Tuesday, July 31, 2012

It's OK to be wrong

(Cross-posted at LauraVanderkam.com)

Over at CBS MoneyWatch today, I have a post on “5 reasons you should fail more often.” This post came out of an experience last week on vacation of doing puzzles with my 5-year-old. I realized he seemed hesitant to try pieces, in part because he viewed trying a piece in the wrong spot as making a mistake -- something one wouldn’t want to do. This was obviously slowing the puzzle-doing down considerably. I don’t care about doing puzzles quickly but I do hope my child doesn’t get too hung up on the idea that everything has to be done right the first time. I hope he doesn’t think people are “good” at puzzles and “bad” at puzzles and trying a piece in the wrong spot indicates that you are “bad” at such things.

I’ve written before of Carol Dweck’s famous experiments on praising children for effort rather than ability. When children view their performance on a task as a result of some innate and unchanging characteristic -- you’re a smart kid or you’re good at puzzles -- they become risk averse. After all, failure would show your label is wrong. So best not to attempt anything too difficult, and put that identity in question. When children view performance as a result of how hard they are trying, however, then failure is less scary. Maybe you just didn’t try hard enough. You can always try harder, whereas you cannot magically become more smart.

So I dutifully spouted such motherly advice as “Look, I’m trying pieces in the wrong place too! That helps me figure out where else they might go! We just have to keep trying. That’s the fun of puzzles!” I praised my kid’s effort and made sure not to say “wow, you are good at puzzles” or any such thing.

But broadly, I have been thinking of other activities that reinforce the idea that trial and error is part of life, and not a case of Error with a capital E. Blogging for different outlets has certainly helped me with this. One of the beautiful things about blogging is I can try lots of different ideas. Some get no attention whatsoever -- the blogging equivalent of failing -- and some just explode. Oftentimes, I am completely wrong about what people will find interesting. Good to put things out there as concepts before I invest too much time in them.

The Olympics is also a good example of the inevitability of failure (with a little f). The best volleyball teams give up points against good competition. Imagine how many times those divers belly-flopped as they learned those beautiful somersaults! If they failed once and stopped they certainly wouldn’t be competing now. Missy Franklin doesn’t win every heat she enters. In her amazing 2-events-in-10-minutes performance yesterday, she squeaked into the finals in her first swim before winning gold in the second.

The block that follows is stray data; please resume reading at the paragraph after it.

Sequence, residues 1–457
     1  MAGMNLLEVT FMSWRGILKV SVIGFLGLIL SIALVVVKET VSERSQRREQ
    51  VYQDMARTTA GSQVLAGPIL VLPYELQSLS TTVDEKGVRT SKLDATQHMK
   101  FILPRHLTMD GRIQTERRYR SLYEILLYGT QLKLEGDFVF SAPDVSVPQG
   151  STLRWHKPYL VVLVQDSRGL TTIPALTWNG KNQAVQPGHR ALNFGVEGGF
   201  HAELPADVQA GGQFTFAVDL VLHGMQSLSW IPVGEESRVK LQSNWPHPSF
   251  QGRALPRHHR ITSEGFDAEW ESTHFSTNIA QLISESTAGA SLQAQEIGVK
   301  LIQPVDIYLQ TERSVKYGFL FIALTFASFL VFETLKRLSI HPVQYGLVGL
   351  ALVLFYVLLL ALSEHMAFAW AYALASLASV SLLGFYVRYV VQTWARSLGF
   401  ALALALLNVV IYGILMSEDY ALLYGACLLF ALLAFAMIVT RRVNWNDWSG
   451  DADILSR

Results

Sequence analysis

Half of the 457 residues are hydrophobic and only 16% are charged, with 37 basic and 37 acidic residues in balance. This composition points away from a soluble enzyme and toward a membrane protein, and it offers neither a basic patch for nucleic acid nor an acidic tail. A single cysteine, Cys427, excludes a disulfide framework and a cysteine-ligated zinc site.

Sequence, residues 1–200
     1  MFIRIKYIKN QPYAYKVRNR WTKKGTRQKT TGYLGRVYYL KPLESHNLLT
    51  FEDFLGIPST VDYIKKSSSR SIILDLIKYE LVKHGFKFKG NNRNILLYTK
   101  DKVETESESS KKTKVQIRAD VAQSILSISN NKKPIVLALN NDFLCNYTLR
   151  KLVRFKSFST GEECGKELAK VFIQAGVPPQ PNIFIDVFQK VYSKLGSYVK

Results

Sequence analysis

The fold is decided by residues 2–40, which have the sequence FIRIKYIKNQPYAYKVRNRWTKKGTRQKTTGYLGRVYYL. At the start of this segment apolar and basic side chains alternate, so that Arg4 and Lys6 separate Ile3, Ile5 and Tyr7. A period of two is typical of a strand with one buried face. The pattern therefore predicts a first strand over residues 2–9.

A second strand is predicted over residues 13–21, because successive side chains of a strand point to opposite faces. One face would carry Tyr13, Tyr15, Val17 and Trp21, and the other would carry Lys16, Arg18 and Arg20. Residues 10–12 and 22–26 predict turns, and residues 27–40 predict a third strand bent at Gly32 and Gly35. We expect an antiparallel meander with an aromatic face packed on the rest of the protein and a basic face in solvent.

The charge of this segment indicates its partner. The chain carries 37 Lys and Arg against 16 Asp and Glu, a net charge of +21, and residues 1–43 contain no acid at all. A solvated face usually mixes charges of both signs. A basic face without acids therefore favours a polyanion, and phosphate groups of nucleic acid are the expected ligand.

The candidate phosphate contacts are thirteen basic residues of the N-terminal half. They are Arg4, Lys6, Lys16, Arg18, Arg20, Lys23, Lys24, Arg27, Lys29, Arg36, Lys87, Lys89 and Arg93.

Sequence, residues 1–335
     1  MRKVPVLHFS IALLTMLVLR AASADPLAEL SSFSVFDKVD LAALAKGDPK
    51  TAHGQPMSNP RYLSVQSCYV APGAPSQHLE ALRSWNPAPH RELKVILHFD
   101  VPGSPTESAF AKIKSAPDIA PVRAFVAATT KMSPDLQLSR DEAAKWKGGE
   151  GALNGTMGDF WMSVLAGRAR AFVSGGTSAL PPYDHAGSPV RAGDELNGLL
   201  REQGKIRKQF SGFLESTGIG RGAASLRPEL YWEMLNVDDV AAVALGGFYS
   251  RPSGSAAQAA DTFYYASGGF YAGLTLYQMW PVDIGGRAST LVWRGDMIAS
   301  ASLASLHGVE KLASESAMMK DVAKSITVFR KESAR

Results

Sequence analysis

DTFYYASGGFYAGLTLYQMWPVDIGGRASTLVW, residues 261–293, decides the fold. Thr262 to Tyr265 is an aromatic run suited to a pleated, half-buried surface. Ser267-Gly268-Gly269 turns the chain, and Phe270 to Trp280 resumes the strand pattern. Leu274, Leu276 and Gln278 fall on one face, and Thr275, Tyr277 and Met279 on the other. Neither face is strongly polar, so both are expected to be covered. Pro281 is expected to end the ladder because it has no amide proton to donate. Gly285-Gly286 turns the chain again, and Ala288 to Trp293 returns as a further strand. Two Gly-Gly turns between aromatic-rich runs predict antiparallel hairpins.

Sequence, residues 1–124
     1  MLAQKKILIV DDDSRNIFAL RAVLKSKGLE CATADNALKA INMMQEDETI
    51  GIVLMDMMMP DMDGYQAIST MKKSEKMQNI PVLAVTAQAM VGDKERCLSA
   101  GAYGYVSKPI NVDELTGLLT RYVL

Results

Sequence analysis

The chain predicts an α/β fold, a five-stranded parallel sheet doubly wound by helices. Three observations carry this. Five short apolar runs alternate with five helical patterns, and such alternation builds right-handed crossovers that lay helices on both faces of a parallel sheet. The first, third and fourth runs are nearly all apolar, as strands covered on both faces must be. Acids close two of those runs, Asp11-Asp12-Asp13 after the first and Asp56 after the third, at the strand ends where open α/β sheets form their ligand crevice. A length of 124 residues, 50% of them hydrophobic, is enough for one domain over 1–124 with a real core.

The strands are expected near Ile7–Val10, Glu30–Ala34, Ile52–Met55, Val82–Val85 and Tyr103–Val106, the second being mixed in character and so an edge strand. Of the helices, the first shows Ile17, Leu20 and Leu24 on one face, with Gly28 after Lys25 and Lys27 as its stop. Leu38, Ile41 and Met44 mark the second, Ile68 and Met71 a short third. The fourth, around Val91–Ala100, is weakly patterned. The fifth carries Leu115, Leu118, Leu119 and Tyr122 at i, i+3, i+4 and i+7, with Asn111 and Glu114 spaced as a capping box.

How do you teach your children that getting something wrong, or losing, isn’t always, or even often, bad?

6 comments:

'Nother Barb said...

My younger son had a VERY hard time losing when he was young. Even if he was just "behind" in Sorry! or checkers, his lip would start to quiver, and it could eventually blow up into a tantrum. So we started every game by wondering who might win, and what the winner would say: "Good Game!", and who might lose and what the loser would say: "Congratulations, Good Game!" Midway through the game, we'd talk about it again, and again closer to the end, especially if he was behind. He learned to handle it all. Later, when he played soccer, he cracked up the coaches by saying "We ALL won! 'Cause we had fun!" He still likes to win, but he's not afraid to lose. Although, even at 13, his lip might still start to quiver, he handles it, and that's success.

'Nother Barb said...

It just occurred to me that that same son still has issues with getting something wrong. He often has missing assignments in school, and come to think of it they are usually in the gifted LA and math classes (though, they have the most homework, too). When I ask him about them, he says he doesn't want to talk to the teacher about their status because they'll think he's irresponsible. I try to explain that it would be responsible to address the issue. But maybe he is also concerned that his work isn't perfect? He will sit down and do a dozen math assignments in a night, turn them in, and they're correct, but now they have points off for lateness. Hmm, I guess we still have something to work on.

In an aside, the day I read your post, my warehouse store magazine featured an article on Sir Ken Robinson who advocates education reform and creativity. One quote: "If you're not prepared to be wrong, you'll never come up with anything original." How timely!

Laura Vanderkam said...

@'Nother Barb: So true that getting things wrong is part of learning what might be better. It is a tricky question of how to structure classrooms so people learn what they have to learn, but also learn how to learn on their own.

Anonymous said...

We use are senses to a heightened degree, naturally. Much of what we can do feels innate. School is mainly a time to participate, socialize and be a part of our community. Being wrong is a philosophical debate for us, because the opposite is being right. The reaction to being wrong is normal; how, why, can you change it?

lgm said...

We never had an emphasis on right vs wrong...too black and white for a gifted child that sees shades of grey. It was more of 'how do you figure?' and 'how did you decide to do .. ? What if...?

We also headed off the school problems, for example 'b' vs 'd' issues by picking up and discussing the child's conclusion that in writing, this shape was considered to be two different letters when it was rotated and pinned to the paper. Some K teachers can see that and some can't.

Anonymous said...

Igm is right on. Best thing about the web: There is always someone somewhere going through the same type of experience. Thank you for sharing.